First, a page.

Captain Marvin Creamer's Circumnavigation Without Instruments
During Marvin Creamer's tenure as Geography Professor, he produced two half-hour TV programs "Manufacturing in the Delaware Valley" broadcast live
by Channel 6, Philadelphia. In 1955, he experimented with teaching geography from the air with a plane furnished by the Esso Corporation (now EXXON).
Creamer also served in the following capacities:
G.S.C. Director of Public Relations 1949 - 1955
President of the G.S.C. Faculty Association, 1956-1957
Campus Coordinator for a two-week Department of Classroom Teachers, NEA, conference attended by 300 U.S. teachers.
Chairman of the G.S.C. Social Studies Department 1964-1968
Selected for the N.D.E.A. summer institute for college geography teachers at the University of Minnesota 1967
One of two G.S.C. representatives chosen for a H.E.W.--U.C.L.A--sponsored seminar and tour of Africa, 1968-1969
President of the New Jersey Council for Geographic Education, 1955-1957
Chairman of the Borough of Glassboro Tercentenary Committee, 1962-1964.
Member of the Borough of Glassboro Bicentennial Committee and its "Special Envoy" to Portsmouth, England in 1976
Selected by the G.S.C. Student newspaper, The Whit, as "Outstanding Professor" in 1961. Side note: As an undergraduate, Creamer had founded and published The Half-Whit, a parody of the official student paper!
Named "Distinguished Alumnus" by the G.S.C. Alumni Association 1980.
The Glassboro Chamber of Commerce named Creamer "Man of the Year" in 1964
The Glassboro Chamber of Commerce named Creamer "Citizen of the Year" in 1980
Awarded the Good Citizenship Medal, by the National Committee of the "Sons of the American Revolution" in 1984
In 1985, Marvin received the Award for Excellence from the New Jersey Education Association.
Creamer sailed his 30-foot ketch, Scotia, from Cape May, N.J. to Bermuda in 1973 and 1975. He sailed Scotia round trip from Cape May to the Azores in 1974, and in 1976, from Cape May to England and back via the Azores and Bermuda.
In 1978, he sailed from Cape May to Ireland, the return trip with no navigational instruments.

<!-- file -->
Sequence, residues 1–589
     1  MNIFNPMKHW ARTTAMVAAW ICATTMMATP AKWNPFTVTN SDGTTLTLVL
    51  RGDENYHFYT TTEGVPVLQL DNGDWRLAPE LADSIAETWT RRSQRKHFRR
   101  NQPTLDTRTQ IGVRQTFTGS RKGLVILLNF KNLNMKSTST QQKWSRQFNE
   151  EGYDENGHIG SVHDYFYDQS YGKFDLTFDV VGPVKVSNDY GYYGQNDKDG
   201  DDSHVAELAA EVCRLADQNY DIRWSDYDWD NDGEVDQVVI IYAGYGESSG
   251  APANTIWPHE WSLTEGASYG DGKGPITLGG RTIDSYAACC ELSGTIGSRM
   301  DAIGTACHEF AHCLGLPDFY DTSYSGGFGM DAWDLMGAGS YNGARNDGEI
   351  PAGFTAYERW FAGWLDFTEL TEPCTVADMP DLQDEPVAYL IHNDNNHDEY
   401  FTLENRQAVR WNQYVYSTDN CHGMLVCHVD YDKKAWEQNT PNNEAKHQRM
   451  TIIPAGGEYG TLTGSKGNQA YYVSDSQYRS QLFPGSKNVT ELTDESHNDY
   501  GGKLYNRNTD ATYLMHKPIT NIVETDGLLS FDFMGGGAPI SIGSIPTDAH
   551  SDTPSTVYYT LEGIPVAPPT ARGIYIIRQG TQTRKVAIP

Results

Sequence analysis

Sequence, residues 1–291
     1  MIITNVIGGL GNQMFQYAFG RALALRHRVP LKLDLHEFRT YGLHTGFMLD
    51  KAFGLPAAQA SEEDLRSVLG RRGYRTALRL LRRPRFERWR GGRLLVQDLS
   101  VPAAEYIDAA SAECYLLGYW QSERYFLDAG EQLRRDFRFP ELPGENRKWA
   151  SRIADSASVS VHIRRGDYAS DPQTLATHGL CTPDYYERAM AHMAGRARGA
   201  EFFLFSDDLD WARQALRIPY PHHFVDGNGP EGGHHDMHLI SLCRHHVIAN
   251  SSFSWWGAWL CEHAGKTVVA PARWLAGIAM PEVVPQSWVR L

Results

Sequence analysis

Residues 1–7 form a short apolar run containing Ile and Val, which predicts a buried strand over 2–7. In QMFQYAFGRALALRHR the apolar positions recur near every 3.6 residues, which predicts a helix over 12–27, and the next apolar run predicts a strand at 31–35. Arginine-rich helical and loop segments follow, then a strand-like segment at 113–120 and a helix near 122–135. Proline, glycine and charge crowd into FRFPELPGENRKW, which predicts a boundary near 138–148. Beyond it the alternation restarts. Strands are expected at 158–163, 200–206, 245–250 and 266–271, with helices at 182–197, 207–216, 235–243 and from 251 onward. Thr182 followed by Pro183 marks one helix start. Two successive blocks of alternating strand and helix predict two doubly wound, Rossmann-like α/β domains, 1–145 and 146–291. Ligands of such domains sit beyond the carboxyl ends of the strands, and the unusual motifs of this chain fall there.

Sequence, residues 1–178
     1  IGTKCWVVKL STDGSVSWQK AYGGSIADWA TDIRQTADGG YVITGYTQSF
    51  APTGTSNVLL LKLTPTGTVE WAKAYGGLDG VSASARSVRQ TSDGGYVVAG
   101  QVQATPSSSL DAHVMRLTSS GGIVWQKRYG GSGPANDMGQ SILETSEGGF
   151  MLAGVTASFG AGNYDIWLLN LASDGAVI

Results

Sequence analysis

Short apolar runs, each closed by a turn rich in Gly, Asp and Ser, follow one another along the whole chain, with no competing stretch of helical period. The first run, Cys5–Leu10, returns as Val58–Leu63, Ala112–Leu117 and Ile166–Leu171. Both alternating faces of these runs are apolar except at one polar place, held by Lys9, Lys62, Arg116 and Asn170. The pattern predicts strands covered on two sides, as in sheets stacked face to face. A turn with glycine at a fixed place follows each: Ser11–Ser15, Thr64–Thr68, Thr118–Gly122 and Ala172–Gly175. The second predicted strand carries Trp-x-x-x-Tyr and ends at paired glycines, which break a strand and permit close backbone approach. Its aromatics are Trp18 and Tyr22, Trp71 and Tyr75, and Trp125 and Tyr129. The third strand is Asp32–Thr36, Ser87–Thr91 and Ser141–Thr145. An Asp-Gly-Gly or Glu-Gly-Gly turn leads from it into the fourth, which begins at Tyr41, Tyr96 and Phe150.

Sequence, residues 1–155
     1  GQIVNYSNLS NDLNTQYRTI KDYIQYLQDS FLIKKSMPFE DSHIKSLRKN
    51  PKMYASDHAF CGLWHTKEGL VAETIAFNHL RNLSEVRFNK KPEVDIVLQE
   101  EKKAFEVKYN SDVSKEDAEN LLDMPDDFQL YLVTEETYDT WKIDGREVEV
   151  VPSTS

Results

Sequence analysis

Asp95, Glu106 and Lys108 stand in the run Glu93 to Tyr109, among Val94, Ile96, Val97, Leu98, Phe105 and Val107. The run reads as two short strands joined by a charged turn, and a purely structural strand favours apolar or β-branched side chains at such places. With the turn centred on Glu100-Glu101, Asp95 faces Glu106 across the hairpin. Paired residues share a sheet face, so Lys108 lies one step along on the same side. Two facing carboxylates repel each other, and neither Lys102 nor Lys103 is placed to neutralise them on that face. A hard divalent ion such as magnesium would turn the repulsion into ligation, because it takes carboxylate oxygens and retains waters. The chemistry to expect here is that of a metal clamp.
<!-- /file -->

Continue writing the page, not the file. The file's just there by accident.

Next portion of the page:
After selling Scotia, Creamer purchased the 39-foot cutter, Navstar, and in 1980, sailed from Atlantic City, N.J. to Dakar, Africa. The return trip via the Cape Verde Islands and Bermuda, was
also without the use of navigational instruments.
Marvin made eight Atlantic crossings in a sailboat, three times without navigational instruments to guide him. His ultimate achievement in life, however, was the circumnavigation of the globe without using traditional navigational aids.
In 1982, Creamer purchased the specdially designed and built 36-foot, steel-hulled cutter, Globe Star, with which he made
his historical voyage.
Awards for nautical achievements:
Medal of Achievement for Performance Cruising, by the Yacht Racing/Cruising Magazine (1980)
Navigation Medal from the Foundation for the Promotion of the Art of Navigation (1985)
The coveted "Blue Water Medal", sailing's highest honor, by the Cruising Club of America (1986)
Creamer was made an honorary member of the Slocum Society in 1984)
Creamer was made an honorary member of the Circumnavigators Club in 1984
Inducted into Cruising World's Hall of Fame, 1989
Presented the Creativity Award by "Odyssey of the Mind," 1995
Recipient, 1995 award from
A brass plaque mentioning Creamer's extraordinary feat was set up in Red Bank Battlefield Park soon after
completion of his historical circumnavigation. On the 25th anniversary of his triumphant return, this webmaster organized a special celebration on the same location that was attended by
hundreds. Rowan University honored Creamer with a dinner on the 30th anniversary celebration at River Winds Restaurant near Red Bank Battlefield Park. In 2015, Rowan also dedicated a monument in Professor Creamer's honor. Reminding of Stonehenge, the 36'
Globe Star's shape was outlined with large stones and a stainless steel post with signs pointing to major world centers was positioned where the mast would have been.
At 100 years
young, Marvin Creamer was still very alert and active, proving that salt makes a good preservative!
Special recognition goes to Bob Shryock, who reported
regularly on Creamer's voyage and gave both TV and newspaper coverage to these